To simply chalk all this up to human nature is perhaps to take the coward's way out of the conversation, but there it is. Part of that human nature, though, is to take the devastation that we felt at the height of those despairing moments and to analyze and learn from them to brighten our future relationships. This would not placate the ex-wife, who is surely convinced to this day that I cheated on her with everything that moved, even though I only ever did within the confines of my own brain, and this only after I had given up irrevocably on having a sane relationship with the lass about two hours into our eight-year marriage (which never should have been). I regret that it could not have turned out differently, but there it is. It is now the past, and there is naught I can do to fix it except to leave it in the past. The actions of those days will always haunt me, though, and there is nothing I can do on my end but to throw up my hands, and use the experience to enrich myself psychologically going forward. Knowledge is a powerful thing, and the knowledge gained from past mistakes is an even more powerful usually than that which we learn from a book. And, man, was that a doozy of a mistake.

And so, after years of many such mistakes, only some of them emotional, I ran, much like Nina ran at some point before Archipelago starts, to leave behind that mounting depression, that terrible career choice and a city that held many fond memories for me, but almost equally as much, it held crushing defeat for me as well. I sought to reinvent myself, always careful to remember that I was still the same person that screwed up elsewhere, but to attempt to do things more in line with that which I had originally intended myself to become. Unlike before, where I was trapped in a dank warehouse with bad lighting, unforgiving concrete floors and clouds of paper dust, I now get the opportunity to write occasionally for part of my living, and to work in a far more exciting career setting. I am content in the most successful relationship of my life, and am just settling in after three years into life in a land that is still rather foreign to me in many aspects. Though the body betrays my middle-aged years more and more with each passing day, I am still far happier day to day now than I probably have ever been at any single section of my life.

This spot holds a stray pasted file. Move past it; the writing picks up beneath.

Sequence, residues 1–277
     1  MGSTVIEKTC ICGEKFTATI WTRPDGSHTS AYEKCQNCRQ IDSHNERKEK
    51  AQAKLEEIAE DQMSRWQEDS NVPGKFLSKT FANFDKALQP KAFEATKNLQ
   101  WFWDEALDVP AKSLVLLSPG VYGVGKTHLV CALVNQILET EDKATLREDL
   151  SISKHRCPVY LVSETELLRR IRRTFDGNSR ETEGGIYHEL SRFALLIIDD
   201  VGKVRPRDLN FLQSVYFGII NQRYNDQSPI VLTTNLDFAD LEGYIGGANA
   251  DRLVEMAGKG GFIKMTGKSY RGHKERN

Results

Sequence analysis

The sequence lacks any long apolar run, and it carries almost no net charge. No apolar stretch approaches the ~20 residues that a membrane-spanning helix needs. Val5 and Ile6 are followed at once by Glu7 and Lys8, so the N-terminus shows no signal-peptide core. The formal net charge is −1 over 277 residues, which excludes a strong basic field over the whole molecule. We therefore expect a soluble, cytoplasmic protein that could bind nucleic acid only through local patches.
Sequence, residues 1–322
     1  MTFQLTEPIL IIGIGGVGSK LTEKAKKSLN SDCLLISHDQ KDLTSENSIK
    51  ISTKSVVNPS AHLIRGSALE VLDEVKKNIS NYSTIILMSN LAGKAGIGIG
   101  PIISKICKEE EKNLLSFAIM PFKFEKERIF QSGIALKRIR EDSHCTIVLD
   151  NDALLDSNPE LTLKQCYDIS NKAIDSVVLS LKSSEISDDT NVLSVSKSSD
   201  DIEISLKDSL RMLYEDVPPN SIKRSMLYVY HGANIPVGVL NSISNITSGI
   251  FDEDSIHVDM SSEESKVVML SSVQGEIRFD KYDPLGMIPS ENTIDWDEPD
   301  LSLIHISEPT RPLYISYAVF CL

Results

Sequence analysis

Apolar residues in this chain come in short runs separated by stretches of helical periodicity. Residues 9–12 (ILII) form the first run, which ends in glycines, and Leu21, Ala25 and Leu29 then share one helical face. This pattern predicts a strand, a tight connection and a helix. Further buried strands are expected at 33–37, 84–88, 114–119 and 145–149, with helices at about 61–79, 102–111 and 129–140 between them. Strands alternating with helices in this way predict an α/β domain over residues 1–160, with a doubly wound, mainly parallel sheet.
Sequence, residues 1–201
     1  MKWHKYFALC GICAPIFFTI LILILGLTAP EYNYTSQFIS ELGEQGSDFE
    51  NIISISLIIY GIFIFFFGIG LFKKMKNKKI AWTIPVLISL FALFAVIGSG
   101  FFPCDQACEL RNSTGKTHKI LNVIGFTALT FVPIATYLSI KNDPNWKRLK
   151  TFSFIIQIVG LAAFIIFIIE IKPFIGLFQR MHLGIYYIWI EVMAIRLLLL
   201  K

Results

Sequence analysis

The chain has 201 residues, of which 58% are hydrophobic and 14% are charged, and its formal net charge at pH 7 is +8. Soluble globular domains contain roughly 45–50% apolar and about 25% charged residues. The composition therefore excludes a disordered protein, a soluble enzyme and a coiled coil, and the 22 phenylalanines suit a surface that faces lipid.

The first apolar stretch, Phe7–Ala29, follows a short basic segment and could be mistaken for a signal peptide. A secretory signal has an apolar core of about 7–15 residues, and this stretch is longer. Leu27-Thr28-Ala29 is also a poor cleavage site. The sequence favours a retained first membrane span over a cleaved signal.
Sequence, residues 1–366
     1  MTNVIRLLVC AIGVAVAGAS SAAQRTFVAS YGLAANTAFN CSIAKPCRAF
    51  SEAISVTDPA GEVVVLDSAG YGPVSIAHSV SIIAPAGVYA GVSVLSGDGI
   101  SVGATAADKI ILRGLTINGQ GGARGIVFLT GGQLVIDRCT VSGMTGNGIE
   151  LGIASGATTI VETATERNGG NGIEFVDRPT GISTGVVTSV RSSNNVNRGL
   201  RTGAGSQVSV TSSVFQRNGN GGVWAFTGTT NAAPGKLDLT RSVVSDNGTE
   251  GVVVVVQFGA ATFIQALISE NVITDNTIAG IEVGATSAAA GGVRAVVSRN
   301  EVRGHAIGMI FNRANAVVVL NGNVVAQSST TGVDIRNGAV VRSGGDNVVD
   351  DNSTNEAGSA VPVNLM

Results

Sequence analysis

If the ghosts of my past warrant they must contact me again, then so be it. The beauty of Facebook is that you only have to take part as much as you wish to take part. You can have a thousand "friends" but only contact the few dozen or so that you really appreciate. Not all ghosts are unfriendly, and as long as you watch out for the ones gifting you with bullets, you should be fine.